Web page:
Williamson Mum on Future as Boult Retires


New Zealand captain Kane Williamson remained non-committal about his future in Twenty20 internationals following his team’s early exit from the T20 World Cup held in the Caribbean and the United States. Despite finishing their campaign with a consolation win, the Kiwis failed to advance to the Super Eight stage, with West Indies and Afghanistan progressing from Group C.

Trent Boult, Williamson’s teammate, confirmed this tournament was his final T20 World Cup. However, Williamson, at 33, was evasive when questioned about his plans for the 2026 World Cup set to take place in India and Sri Lanka. “I don’t know,” Williamson said when asked if he would participate in the next T20 World Cup. “There’s a bit of time between now and then, so it’s about regrouping as a side. We’ve got red-ball cricket over the next year basically, so it’s back into some other international formats, and we’ll see where things land.”

Williamson expressed frustration over New Zealand’s early exit, a sharp contrast to their usual strong performances in global tournaments. The team started their campaign with losses to Afghanistan and West Indies. Despite subsequent victories over Uganda and Papua New Guinea, these wins came too late to influence their progression. “We wanted to start the campaign strong, and we weren’t able to do that,” Williamson admitted.

Meanwhile, left-arm paceman Boult confirmed he had played his last day of international cricket after New Zealand’s campaign ended with a seven-wicket victory over Papua New Guinea. The 34-year-old has seen limited international action since being released from his New Zealand central contract in August 2022, allowing him to play in more domestic T20 leagues abroad. Despite this, Boult featured in New Zealand’s 50-over World Cup campaign last year, where they reached the semifinals before losing to hosts India.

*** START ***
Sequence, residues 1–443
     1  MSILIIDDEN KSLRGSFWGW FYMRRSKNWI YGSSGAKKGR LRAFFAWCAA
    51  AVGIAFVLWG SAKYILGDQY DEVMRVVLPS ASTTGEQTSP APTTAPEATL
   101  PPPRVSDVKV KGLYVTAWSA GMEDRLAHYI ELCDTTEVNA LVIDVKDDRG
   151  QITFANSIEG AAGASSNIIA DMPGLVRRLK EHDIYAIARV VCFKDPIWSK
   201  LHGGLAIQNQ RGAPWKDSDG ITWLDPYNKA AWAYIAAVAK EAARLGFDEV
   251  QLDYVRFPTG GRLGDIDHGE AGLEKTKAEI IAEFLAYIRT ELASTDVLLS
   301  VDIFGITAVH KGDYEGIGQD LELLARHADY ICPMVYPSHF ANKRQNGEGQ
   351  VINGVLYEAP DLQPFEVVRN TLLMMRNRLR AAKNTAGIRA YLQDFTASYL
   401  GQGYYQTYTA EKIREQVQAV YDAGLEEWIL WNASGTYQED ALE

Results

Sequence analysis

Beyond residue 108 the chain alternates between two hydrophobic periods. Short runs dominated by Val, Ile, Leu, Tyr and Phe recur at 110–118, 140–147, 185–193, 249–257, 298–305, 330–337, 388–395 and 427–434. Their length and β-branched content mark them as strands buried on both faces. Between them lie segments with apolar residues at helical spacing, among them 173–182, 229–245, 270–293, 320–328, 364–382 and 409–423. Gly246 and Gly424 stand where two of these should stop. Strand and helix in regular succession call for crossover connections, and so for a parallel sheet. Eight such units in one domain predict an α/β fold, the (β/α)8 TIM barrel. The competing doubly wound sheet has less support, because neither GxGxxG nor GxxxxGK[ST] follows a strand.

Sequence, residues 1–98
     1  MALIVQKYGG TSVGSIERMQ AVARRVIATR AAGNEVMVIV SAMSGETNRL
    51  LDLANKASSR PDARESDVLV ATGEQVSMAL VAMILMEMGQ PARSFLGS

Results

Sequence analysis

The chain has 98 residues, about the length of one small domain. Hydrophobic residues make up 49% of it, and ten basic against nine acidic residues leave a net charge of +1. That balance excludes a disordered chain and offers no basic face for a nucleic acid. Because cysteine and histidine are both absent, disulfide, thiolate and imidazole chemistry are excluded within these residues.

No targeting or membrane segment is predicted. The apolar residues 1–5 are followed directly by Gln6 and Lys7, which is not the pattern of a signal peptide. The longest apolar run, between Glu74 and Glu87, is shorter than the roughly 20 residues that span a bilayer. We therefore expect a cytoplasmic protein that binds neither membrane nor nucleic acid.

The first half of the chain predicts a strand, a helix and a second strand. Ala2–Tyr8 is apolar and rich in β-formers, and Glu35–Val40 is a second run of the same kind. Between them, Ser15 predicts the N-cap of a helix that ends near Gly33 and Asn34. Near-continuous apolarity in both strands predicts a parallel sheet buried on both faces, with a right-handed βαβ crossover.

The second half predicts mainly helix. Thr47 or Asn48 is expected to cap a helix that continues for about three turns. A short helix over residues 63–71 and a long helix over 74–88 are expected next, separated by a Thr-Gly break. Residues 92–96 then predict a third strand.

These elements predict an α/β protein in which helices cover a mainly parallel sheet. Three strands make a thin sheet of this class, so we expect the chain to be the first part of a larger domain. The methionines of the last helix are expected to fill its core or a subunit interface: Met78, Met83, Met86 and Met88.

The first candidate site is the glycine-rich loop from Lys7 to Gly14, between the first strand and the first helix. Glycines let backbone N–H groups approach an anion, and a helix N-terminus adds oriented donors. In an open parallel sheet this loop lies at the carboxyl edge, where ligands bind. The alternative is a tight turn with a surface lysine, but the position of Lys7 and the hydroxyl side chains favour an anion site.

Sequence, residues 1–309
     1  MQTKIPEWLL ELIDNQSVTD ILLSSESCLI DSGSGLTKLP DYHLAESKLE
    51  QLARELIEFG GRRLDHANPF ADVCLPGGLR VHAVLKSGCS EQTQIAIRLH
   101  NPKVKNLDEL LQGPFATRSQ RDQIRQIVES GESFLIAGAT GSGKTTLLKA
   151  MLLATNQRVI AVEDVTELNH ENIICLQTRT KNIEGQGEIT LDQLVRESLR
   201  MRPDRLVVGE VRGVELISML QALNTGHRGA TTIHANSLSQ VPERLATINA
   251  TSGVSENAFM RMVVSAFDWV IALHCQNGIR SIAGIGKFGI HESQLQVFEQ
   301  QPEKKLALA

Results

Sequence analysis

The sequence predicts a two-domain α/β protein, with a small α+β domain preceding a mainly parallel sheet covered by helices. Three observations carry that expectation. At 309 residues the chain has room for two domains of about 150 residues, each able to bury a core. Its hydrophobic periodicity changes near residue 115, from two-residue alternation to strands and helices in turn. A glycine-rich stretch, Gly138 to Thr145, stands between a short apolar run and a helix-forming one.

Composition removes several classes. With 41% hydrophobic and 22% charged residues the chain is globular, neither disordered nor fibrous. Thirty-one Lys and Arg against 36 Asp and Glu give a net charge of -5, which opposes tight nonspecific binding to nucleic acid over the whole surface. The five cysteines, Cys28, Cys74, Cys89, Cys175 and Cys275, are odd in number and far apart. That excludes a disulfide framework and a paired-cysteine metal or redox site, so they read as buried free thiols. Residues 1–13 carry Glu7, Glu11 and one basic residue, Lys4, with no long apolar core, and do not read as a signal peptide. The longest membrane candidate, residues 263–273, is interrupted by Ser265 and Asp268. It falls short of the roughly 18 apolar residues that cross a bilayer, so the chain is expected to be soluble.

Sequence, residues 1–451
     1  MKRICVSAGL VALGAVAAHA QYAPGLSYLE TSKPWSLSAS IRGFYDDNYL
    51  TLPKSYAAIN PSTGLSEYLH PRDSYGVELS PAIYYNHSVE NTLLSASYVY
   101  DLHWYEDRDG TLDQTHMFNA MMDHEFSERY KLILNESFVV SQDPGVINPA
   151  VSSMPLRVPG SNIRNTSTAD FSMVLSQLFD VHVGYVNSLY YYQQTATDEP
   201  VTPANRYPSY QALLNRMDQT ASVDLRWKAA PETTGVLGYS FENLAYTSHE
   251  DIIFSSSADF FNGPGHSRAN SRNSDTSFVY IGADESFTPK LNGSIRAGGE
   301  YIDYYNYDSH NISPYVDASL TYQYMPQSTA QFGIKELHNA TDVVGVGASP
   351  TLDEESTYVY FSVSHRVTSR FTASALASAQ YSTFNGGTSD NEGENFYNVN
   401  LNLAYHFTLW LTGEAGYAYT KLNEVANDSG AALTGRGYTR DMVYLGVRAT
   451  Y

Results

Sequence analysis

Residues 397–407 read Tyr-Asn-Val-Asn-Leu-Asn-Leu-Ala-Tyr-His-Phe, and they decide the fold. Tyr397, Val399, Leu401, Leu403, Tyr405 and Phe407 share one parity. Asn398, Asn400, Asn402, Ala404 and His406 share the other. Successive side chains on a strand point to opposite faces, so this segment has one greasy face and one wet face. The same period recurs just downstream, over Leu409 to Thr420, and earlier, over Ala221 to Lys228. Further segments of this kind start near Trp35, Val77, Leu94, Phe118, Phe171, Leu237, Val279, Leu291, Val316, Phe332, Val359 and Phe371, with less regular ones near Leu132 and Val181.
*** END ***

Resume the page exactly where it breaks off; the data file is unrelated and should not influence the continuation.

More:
In contrast to the high of a World Cup semifinal, Boult’s international career ended in a low-key setting, during a ‘dead’ T20 World Cup game with both New Zealand and Papua New Guinea already out of contention. “It feels a little bit weird, a few emotions obviously the last couple of days,” Boult reflected after taking two wickets for 14 runs, with fellow quick Lockie Ferguson taking a remarkable 3-0 from his four overs as PNG were bowled out for 78.

Boult retires with an impressive record, having taken 317 wickets in 78 Tests, the fourth-highest for a New Zealand bowler. His tally includes 114 one-day internationals with 211 wickets. His last Test was nearly two years ago against England at Headingley, with the World Cup semifinal being his most recent one-day international.

Williamson paid tribute to Boult, calling him a “great servant of the game” who was “consistent in all formats.” Boult’s retirement marks the end of an era for New Zealand cricket, leaving a legacy of remarkable performances and dedication.

With Boult’s departure, the New Zealand cricket team faces a period of transition. Williamson’s uncertain future in T20 internationals adds another layer of complexity as the team looks to rebuild and strategize for upcoming tournaments. The focus now shifts to red-ball cricket and other formats, with the Kiwis aiming to regroup and come back stronger on the global stage.

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By- Sahiba Suri

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